Richard Adams' Watership Down
Children's book review by Jane Finch
The rabbits’ world is turned upside down when the bulldozers move in
This classic tale has been a worldwide bestseller for over thirty years. The author, Richard Adams, created a masterpiece with his anthropomorphic animals. However, these rabbits don’t wear little coats and shoes like the creations of Beatrix Potter.
What Richard Adams has done here is to take the reader into the world of the rabbit.
Set in Berkshire, England, Watership Down tells the story of a bunch of rabbits that live an uneventful and gentle life in a quiet rural area of England. Their world is turned upside down when their burrow is threatened by land developers, who plan to dig up the land. This will destroy their home.
Good old Fiver, an elderly rabbit who is very wise, and perhaps also a little strange, persuades the other rabbits of the looming danger.
So the rabbits set out on a journey that encompasses many trials, dangers, and conflicts with predators in search of their utopia. Fiver is one of the central characters, who with his visions directs the rabbits in their journey.
There are some great characters, such as Fiver’s brother, Hazel. When the other rabbits sometimes doubt old Fiver – who by the way tends to suffer with wandering thoughts – Hazel is always there to give reassurance. He also needs to interpret Fiver’s visions which all seem to be rather strange and weird to the other rabbits.
Then there is Bigwig, who has a great name and character to match. He is a soldier in the Owsla, the equivalent of the rabbit army.
There are others with names that describe so well the character. Pipkin, timid and shy, and then the real bad guy, General Woundwort.
As is expected, the rabbits’ journey takes them on one adventure after another. They meet nice animals that help them, and nasty animals that try to kill them or eat them.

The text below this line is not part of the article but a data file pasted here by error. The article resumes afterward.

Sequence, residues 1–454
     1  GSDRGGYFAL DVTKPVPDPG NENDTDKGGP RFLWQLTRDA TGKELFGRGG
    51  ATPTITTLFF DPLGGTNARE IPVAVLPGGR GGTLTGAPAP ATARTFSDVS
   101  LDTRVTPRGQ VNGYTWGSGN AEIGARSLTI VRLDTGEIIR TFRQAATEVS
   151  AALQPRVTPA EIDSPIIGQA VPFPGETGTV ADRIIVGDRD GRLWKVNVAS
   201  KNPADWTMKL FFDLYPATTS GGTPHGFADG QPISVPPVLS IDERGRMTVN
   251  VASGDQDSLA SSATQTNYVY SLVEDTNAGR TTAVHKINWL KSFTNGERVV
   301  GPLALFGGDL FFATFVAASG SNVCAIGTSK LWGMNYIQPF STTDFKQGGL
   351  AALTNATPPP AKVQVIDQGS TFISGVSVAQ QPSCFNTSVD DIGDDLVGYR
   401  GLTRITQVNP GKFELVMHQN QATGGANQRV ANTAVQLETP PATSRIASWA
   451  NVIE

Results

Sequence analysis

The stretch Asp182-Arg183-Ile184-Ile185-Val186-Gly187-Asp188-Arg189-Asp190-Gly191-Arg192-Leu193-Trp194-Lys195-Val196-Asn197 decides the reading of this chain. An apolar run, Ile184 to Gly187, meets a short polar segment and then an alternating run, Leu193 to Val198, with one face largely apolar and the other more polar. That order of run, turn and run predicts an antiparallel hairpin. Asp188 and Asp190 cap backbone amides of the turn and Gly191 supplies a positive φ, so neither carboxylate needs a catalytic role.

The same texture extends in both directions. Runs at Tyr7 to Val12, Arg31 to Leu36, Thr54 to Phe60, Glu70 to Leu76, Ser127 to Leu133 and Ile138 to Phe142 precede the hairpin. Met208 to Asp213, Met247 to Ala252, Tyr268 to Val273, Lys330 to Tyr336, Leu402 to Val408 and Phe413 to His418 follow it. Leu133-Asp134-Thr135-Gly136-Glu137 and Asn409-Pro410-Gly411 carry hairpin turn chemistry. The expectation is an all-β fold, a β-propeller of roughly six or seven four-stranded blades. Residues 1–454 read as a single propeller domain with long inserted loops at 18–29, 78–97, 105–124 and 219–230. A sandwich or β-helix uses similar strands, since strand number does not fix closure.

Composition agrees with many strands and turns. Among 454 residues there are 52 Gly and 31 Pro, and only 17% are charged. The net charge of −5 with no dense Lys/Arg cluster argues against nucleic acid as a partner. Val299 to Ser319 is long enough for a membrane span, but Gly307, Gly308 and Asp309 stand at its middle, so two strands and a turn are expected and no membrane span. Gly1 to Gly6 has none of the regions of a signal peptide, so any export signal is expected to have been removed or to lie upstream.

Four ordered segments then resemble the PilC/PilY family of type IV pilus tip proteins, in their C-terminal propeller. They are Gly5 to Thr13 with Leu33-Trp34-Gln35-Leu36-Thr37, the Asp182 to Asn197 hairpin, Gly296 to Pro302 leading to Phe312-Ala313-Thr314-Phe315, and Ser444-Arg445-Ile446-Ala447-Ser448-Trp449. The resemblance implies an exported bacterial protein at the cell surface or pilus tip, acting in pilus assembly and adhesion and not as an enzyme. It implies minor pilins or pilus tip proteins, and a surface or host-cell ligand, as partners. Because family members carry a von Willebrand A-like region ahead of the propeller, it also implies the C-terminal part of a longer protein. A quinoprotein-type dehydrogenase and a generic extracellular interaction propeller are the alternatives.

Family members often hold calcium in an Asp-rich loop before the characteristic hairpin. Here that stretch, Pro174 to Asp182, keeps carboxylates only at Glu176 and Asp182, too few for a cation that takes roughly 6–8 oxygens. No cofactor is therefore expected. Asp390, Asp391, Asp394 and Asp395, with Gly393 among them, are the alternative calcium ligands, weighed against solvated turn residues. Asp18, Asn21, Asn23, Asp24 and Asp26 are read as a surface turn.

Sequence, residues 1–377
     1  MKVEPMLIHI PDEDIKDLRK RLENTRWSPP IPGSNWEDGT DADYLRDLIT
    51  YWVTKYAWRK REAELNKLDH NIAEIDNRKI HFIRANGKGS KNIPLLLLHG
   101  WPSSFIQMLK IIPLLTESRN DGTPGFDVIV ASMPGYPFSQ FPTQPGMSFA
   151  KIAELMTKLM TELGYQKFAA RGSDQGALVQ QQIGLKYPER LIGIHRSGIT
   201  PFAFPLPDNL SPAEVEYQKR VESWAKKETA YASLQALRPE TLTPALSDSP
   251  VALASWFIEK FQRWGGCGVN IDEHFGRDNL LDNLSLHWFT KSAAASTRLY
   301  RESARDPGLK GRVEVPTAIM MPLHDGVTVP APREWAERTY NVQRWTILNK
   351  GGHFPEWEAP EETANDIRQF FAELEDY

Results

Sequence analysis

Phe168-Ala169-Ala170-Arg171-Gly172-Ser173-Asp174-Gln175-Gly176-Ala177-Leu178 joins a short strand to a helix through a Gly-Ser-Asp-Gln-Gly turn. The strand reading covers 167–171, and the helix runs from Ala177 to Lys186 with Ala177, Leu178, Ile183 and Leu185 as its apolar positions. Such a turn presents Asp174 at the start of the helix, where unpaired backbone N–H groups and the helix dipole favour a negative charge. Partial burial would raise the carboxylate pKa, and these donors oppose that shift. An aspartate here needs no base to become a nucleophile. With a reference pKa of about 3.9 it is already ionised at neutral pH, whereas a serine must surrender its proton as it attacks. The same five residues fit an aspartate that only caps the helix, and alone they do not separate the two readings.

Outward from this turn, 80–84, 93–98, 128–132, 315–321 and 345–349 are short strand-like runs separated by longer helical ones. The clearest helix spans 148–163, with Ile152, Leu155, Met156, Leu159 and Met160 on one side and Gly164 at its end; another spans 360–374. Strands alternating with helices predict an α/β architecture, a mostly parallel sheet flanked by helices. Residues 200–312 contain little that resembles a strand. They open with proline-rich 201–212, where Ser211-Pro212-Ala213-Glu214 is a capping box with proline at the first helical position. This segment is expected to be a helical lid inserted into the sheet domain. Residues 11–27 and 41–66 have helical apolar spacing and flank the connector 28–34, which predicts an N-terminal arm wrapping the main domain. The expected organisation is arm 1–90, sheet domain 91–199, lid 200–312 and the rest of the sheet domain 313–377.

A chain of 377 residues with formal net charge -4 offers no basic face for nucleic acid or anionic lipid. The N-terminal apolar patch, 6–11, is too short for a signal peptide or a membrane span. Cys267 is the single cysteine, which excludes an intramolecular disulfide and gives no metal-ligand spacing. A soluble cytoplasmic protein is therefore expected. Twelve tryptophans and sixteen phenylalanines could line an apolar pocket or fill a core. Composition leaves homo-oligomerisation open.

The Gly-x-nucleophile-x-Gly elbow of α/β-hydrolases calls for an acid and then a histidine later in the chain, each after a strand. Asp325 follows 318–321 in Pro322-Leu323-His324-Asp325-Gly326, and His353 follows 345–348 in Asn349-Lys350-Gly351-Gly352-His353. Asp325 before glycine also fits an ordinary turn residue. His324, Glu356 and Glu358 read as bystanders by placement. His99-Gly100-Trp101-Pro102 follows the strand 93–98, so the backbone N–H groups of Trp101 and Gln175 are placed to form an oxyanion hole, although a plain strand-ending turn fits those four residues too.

What is so endearing about Watership Down, often praised as an allegory, is that the animals’ characteristics are so human-like that they are totally believable. It is completely possible and realistic to compare the animals’ culture with that of the human.
We are not dealing with sweet little characters, here. There are bullies and minions, and leaders and followers. There is hatred and greed, but also kindness and understanding of one another, as is shown by Hazel to his brother, Fiver.
Some of Fiver’s visions take some reading, but they are meant to be complicated. That’s where Hazel comes in as interpreter.
There are some wonderful terms invented by the author. The word “silflay”, for example, is a great description for the evening grass grazing. Even now when I see rabbits nibbling by the roadside, I think of them silflaying.
There is an underlying theme in the whole story, and that is one of the importance of teamwork. When the animals try to do things on their own, they fail, but when they work together, eventually they succeed.
Even more importantly, in my opinion, this book gives readers an insight into the world of the animal and perhaps creates a better understanding of the natural world.
This is definitely a book that should be read by all teens, but adults will also enjoy it.
Once you have read Watership Down, you will never forget it.
Read more of Jane's reviews.
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